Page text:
The hotel’s customer profile is aged 35 to 60, those who will appreciate the intimate atmosphere of the hotel and its surroundings, Uno said. “Hotels really struggled following the 3/11 disasters in Tohoku last year, and many hotels, especially business hotels, reduced their rates to try and attract guests”, he explained. “But we have no intention of doing so, confident our continuous service will be a magnet for a discerning clientele”, he added.

The type of customer targeted is reflected best in the choice of beds and trimmings at the hotel, he said. While the Heavenly Bed by Simmons is all the rage at other Japanese hotels, staff at the Gate decided that it does not fit their concept. Instead, they chose the classic comfort of the maker’s Slumberland.

“We did not wish to jump on the bandwagon when it came to the most important item in a hotel that promotes intimacy and relaxation”, said Uno. “We wanted something that is high quality, and assures peace of mind and comfort. Slumberland ticked all those boxes”.

Meanwhile, the hotel’s showpiece room, called simply “The Gate,”—a 58m2 suite—brings together old and new, with classic William Morris wallpaper and modern furniture, to create what Uno has termed “traditional, with modern trimmings”.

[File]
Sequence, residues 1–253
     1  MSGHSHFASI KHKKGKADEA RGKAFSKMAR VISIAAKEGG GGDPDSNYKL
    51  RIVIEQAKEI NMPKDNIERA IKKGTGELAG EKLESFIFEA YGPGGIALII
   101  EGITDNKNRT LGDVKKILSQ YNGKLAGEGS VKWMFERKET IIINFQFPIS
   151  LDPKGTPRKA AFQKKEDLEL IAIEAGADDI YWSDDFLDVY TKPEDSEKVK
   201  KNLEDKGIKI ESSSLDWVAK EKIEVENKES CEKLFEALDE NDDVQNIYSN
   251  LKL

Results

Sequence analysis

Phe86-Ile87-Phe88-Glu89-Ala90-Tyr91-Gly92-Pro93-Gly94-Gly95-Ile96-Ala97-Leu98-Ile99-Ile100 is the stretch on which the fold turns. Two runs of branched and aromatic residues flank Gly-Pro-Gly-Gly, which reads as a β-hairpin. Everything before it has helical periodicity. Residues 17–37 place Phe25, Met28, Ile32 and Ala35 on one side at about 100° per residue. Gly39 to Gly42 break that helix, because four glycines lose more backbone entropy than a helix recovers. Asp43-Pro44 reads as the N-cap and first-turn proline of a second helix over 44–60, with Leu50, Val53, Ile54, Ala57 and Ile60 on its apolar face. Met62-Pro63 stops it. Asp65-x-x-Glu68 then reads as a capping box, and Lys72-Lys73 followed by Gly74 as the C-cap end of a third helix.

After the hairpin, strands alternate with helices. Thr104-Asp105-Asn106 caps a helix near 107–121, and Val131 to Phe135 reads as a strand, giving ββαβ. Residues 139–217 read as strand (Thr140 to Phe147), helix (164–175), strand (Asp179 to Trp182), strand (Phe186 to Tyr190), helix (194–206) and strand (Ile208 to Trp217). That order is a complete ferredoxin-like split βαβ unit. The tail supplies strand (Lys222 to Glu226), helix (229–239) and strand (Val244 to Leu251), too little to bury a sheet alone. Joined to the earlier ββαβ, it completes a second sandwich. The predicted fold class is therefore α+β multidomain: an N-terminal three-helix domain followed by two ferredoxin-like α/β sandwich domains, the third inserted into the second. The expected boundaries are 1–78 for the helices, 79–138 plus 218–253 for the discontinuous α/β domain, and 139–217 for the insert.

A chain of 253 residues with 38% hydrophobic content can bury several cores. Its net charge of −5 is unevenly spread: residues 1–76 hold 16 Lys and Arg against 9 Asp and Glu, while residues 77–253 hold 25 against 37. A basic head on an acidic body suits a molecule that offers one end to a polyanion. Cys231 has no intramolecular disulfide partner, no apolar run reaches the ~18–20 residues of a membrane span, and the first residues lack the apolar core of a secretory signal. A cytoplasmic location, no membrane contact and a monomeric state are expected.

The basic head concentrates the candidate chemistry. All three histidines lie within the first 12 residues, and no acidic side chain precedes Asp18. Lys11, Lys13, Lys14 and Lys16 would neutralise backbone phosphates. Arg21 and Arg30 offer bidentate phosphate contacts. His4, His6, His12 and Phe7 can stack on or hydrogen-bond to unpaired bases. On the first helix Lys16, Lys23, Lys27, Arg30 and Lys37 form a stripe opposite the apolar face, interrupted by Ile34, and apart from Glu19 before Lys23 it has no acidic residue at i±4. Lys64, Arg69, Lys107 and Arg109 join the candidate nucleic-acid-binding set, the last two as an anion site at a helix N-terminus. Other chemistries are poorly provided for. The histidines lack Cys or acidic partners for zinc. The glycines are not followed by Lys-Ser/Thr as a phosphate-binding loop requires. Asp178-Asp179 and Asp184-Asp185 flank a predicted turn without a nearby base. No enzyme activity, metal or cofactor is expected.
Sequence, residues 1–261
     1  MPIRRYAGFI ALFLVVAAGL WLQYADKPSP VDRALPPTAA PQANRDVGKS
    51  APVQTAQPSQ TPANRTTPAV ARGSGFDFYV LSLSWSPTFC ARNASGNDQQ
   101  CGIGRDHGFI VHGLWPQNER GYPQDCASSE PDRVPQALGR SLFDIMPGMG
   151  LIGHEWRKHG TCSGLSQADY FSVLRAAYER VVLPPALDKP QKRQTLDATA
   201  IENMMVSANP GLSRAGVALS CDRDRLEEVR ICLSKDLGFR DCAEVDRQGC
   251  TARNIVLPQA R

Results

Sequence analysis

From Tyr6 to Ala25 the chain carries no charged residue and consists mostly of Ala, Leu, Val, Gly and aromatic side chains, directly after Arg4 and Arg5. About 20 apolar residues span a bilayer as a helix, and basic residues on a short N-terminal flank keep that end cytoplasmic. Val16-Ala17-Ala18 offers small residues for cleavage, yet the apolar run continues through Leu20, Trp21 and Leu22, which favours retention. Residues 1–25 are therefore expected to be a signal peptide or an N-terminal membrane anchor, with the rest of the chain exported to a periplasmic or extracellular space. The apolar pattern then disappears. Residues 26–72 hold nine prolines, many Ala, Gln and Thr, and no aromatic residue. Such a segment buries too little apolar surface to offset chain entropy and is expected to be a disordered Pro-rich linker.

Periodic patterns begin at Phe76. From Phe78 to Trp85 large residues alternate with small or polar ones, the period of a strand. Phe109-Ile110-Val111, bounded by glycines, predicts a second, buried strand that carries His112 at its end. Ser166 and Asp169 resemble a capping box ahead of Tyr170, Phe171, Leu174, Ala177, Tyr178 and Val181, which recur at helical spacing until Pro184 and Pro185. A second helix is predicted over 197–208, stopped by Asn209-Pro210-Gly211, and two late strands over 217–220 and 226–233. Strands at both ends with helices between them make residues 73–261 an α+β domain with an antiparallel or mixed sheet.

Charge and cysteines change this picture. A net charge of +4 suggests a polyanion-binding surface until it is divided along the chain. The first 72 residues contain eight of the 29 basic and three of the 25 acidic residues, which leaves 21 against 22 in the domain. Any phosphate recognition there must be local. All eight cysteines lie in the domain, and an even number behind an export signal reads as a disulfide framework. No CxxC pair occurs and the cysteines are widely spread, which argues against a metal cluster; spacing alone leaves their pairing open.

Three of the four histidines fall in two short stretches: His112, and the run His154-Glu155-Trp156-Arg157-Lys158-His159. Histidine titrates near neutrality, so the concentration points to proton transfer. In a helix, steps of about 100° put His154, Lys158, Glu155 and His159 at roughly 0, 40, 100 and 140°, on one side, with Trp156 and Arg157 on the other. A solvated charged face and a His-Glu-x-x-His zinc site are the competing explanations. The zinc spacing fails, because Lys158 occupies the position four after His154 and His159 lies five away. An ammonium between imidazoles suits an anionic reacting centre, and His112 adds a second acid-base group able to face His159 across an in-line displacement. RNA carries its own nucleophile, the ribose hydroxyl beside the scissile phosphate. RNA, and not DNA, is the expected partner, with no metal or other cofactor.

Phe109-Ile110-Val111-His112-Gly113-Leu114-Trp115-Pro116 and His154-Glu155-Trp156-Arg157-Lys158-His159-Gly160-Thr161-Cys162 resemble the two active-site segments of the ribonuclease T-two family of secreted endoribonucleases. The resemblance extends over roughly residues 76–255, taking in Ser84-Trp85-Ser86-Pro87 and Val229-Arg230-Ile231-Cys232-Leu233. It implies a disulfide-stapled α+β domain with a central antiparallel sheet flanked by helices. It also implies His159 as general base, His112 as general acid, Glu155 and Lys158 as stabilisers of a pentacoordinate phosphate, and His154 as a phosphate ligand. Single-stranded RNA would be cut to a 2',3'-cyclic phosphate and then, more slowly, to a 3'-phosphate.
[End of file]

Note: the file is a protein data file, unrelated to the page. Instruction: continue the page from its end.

“Originally, the room was nothing to write home about, so we went back to the drawing board and rethought the design. If it was just a room with William Morris wallpaper we would have something very nice and traditional, but not in the innovative style that exemplifies our originality. By bringing in modern elements, the designer was presented with a challenge, while we were provided with a truly different, and special, room”.

While the combination of two British firms was ultimately a coincidence, utilising the UK brand during the year of the 2012 London Olympics and Paralympics certainly was not.

“As a marketing strategy, we thought the British angle would go down well during Olympic year,” said hotel marketing manager Mitsuko Ikeda. “What’s more, our concept of ‘intimate’ is close to that of Slumberland’s, so it was a perfect match. The focus on developing technology for relaxation in a very traditional firm such as Slumberland also mirrors the overriding ethos of the Asakusa area”, she added.

Meanwhile, a standout item at the restaurant, which is broadly termed “casual French” but also incorporates a number of other European cuisines, is roast beef, Uno added.

Uno is also confident that the hotel’s outdoor bar will ultimately mould the type of clientele that will stay at the hotel. Prospective clients are some 75% Japanese, with the rest being foreign residents and visitors from abroad.

“But, depending on how we decide to manage such spaces as the outside bar, that may well change”, he said, with reference to many Western people’s love of eating and drinking outdoors. “I believe the percentage balance could change, which would be great. One good thing is that this Gate is open to everyone”.